Rawlings School of Divinity


Master of Divinity (MDiv)


Harold Bryant


Military, Chaplain, Resilience, Myers-Briggs Type Indicator


Religion | Social and Behavioral Sciences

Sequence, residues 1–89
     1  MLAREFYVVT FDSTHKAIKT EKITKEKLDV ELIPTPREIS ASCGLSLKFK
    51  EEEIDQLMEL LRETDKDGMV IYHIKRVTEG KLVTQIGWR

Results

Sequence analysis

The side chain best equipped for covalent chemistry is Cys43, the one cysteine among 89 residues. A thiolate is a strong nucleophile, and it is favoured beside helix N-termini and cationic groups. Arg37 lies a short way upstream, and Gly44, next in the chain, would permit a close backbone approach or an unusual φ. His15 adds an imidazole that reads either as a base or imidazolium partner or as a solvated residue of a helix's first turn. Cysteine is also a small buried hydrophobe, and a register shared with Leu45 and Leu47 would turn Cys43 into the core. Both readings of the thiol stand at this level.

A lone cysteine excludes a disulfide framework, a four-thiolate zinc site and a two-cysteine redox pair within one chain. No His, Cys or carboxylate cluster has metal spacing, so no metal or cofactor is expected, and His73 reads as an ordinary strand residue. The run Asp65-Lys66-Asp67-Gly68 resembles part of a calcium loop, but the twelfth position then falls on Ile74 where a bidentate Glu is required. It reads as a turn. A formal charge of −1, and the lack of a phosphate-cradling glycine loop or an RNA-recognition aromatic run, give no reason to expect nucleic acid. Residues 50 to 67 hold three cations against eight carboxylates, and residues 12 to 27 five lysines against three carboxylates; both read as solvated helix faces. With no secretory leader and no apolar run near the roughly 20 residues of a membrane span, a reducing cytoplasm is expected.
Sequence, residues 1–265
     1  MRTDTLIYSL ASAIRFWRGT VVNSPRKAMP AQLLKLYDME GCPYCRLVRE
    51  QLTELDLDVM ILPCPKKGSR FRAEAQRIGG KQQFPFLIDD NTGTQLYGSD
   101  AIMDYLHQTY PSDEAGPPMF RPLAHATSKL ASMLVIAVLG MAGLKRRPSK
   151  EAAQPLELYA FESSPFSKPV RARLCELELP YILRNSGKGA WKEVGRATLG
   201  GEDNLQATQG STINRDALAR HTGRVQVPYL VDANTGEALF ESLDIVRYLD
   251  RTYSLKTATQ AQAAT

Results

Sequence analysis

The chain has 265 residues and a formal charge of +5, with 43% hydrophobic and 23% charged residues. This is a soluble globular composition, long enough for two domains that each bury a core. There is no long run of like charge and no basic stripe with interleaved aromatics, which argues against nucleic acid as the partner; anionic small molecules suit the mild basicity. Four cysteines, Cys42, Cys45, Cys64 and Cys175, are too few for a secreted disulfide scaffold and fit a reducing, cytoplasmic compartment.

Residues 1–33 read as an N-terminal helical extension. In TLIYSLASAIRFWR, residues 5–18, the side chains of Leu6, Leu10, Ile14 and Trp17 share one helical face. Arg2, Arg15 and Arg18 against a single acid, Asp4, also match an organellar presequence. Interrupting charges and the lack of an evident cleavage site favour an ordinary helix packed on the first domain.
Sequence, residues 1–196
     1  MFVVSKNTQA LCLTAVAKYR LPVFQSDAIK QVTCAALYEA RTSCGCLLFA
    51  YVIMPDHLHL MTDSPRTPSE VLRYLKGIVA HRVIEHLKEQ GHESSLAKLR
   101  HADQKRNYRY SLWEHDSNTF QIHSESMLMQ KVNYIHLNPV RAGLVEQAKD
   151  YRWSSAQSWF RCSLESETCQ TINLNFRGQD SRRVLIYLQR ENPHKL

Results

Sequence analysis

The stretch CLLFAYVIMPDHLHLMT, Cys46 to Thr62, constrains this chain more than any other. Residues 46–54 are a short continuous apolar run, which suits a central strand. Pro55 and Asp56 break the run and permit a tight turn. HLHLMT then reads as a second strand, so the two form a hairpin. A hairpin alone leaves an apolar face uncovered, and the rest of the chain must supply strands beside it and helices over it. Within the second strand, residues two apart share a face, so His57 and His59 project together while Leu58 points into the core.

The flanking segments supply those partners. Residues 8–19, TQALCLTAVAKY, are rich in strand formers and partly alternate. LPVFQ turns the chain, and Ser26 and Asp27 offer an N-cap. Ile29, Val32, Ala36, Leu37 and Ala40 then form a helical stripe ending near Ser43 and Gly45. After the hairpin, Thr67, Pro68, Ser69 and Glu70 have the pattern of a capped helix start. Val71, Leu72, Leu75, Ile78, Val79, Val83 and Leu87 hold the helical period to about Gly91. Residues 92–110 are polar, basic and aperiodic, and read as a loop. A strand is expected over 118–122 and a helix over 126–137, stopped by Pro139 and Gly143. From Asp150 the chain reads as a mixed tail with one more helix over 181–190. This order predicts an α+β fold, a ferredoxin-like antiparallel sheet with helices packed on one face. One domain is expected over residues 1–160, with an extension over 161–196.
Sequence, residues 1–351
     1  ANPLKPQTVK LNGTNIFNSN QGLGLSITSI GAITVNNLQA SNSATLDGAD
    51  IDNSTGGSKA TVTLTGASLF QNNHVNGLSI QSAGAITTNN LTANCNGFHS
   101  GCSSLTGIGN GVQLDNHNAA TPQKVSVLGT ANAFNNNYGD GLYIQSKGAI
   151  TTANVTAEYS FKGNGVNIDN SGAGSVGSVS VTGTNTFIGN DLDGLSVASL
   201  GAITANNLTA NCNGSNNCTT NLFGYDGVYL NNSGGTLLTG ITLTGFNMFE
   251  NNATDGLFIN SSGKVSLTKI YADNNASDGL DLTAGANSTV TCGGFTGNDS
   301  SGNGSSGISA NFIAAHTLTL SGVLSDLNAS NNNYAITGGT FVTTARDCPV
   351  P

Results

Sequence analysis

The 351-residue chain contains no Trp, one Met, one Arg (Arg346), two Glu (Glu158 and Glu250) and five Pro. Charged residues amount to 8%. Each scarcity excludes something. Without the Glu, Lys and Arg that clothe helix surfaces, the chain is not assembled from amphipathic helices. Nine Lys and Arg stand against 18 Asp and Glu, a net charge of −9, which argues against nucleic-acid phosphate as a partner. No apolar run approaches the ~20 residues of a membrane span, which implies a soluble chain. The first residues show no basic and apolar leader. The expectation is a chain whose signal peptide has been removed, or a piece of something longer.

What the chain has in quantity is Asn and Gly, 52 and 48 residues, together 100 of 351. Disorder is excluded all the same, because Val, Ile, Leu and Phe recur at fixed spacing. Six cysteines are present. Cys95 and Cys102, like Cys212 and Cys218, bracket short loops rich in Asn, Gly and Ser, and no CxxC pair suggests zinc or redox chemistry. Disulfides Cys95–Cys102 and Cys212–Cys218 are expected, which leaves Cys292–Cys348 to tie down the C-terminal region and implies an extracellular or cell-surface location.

Military Chaplains are at an increased risk for professional burnout and there is a need to improve the training that is provided to prepare them for occupational burnout and compassion fatigue. This study analyzes the effect that the chaplain’s knowledge of the Myers-Briggs Type Indicator (MBTI) has on his or her ministry resiliency. The purpose of this study is to discover if there is a correlation between the military chaplain’s level of resilience and his or her knowledge of the Myers-Briggs Type Indicator. Literature on, compassion fatigue, ministry burnout, military chaplaincy, chaplaincy resiliency, personality testing, and the Myers-Briggs Type Indicator are analyzed. A textual review is used to discover the link between professional resilience and personality testing, specifically military chaplain resilience and the Myers-Briggs Type Indicator. A survey was developed to determine the correlation between chaplain resilience and the MBTI. It was administered to active and reserve duty military chaplains in the Liberty Baptist Fellowship to determine the effect that their knowledge of the MBTI has on ministry resilience. The initial results, including outliers, show a positive correlation (n=23, r=0.165) between chaplain resilience and the MBTI. Once all outliers were recognized by using a scatter plot and removed, there was a statistically significant positive correlation (n=18, r=0.686) between chaplain resilience and the MBTI. The results show that there is potential for further research into personality type and professional resilience.